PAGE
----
Yesterday I’ve presented some work at a seminar regarding options for Congestion Charge in Tel Aviv. Really enjoyed it, both on the auditorium stage and in the rows listening to others.
It was interesting, the intense debate led by Prof. Trajtenberg was inspiring and all an all it was great fun.
If you are looking for it, here is my presentation from that seminar – LINK
My presentation for the annual conference of the Israel Planners Accusation (2019), March 7 2019 in the Old City of Beer Sheva.
In Hebrew, sorry.
העיר – כשלון כלכלי מפואר, באר שבע 2019
Had so much fun yesterday at the MOVE2019: Mobility Re-imagined event in London.
If you are looking for it, I was presenting this – LINK
… and here comes crisis #1. I knew this book is not gonna be easy. Thinking in Hebrew and writing in English is much more than reversing the text direction.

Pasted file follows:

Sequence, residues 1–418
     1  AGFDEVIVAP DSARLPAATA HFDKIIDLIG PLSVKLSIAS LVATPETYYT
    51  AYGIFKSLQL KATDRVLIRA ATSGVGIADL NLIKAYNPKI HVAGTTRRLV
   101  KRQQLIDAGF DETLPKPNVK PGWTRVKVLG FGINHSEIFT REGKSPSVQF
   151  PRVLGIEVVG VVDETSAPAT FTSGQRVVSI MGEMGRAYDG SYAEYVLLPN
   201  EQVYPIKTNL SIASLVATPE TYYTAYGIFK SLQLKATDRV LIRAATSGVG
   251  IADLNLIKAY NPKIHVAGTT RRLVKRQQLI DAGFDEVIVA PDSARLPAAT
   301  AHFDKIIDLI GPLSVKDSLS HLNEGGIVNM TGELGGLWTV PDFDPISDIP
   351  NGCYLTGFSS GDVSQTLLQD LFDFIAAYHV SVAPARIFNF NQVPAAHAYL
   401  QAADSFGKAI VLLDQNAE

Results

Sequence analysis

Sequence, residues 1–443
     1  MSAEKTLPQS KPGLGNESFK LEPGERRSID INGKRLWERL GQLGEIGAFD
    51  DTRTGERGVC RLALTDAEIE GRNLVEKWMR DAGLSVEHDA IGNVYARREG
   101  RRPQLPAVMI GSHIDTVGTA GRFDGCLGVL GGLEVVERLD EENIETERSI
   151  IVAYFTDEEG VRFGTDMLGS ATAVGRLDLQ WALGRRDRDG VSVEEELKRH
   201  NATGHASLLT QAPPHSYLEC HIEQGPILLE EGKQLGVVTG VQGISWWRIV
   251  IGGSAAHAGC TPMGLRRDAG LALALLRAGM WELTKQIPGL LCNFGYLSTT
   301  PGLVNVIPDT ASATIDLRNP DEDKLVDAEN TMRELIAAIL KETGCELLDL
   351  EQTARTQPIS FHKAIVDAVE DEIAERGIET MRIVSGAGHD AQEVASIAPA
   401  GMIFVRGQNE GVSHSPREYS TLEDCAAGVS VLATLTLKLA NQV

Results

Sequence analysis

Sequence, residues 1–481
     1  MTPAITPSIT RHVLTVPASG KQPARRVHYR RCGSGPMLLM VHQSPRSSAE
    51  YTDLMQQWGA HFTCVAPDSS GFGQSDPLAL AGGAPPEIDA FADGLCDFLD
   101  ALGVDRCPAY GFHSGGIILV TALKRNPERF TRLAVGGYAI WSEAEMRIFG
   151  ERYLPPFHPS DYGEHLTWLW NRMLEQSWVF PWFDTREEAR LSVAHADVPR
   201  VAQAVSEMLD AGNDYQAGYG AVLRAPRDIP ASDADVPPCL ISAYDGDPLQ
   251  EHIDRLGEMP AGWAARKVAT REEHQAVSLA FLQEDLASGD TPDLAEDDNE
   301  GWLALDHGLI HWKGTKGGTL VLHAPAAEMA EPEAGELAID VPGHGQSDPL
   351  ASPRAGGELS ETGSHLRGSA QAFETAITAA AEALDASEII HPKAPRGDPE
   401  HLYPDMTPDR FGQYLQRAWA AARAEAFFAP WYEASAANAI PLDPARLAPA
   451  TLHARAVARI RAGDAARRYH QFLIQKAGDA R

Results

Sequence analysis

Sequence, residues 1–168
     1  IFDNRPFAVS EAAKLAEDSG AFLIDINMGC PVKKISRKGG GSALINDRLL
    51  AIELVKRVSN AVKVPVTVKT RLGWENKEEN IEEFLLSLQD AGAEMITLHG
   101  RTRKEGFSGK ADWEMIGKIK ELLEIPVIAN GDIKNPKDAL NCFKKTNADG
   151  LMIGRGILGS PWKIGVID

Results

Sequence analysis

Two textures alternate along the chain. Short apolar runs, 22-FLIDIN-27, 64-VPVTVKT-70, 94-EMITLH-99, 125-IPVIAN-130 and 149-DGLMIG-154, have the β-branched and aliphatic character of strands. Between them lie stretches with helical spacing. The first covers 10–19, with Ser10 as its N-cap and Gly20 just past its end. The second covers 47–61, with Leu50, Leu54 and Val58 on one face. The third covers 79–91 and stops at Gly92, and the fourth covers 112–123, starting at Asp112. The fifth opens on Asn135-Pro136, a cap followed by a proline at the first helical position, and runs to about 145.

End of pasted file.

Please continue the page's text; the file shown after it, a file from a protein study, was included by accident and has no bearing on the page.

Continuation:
But I think the real block I have now is the opposite of writers block. it’s not that I don’t have anything to say, it’s that I have too much and I can’t figure out what comes first. I have realized now that I’m actually writing two books. one about Spatial Economics and the other about Urban Transportation. In my mind those are combined but here I find myself skipping back and forth.
I need to choose and I prefer to talk more about Spatial Economics. I’ll just wrap the 4th article in the “Seamless Transportation” block and then restrict myself to the City Economics stuff.
Let’s see if this will be the end of crisis #1.
Ain’t No Mountain High Enough on the speakers is a good place to start.
If you’ve been following my posts and the theoretical model I’ve presented, you too have come to the rather disturbing conclusion – That this model fits any free market. Whether it is a city, a manufacturing plant, or a service company, it seems that every free market seeks to achieve agglomeration, a state where there is only one supplier and zero competition.
Continue reading “Up for Debate – Does Every Free Market Aspire for Agglomeration?”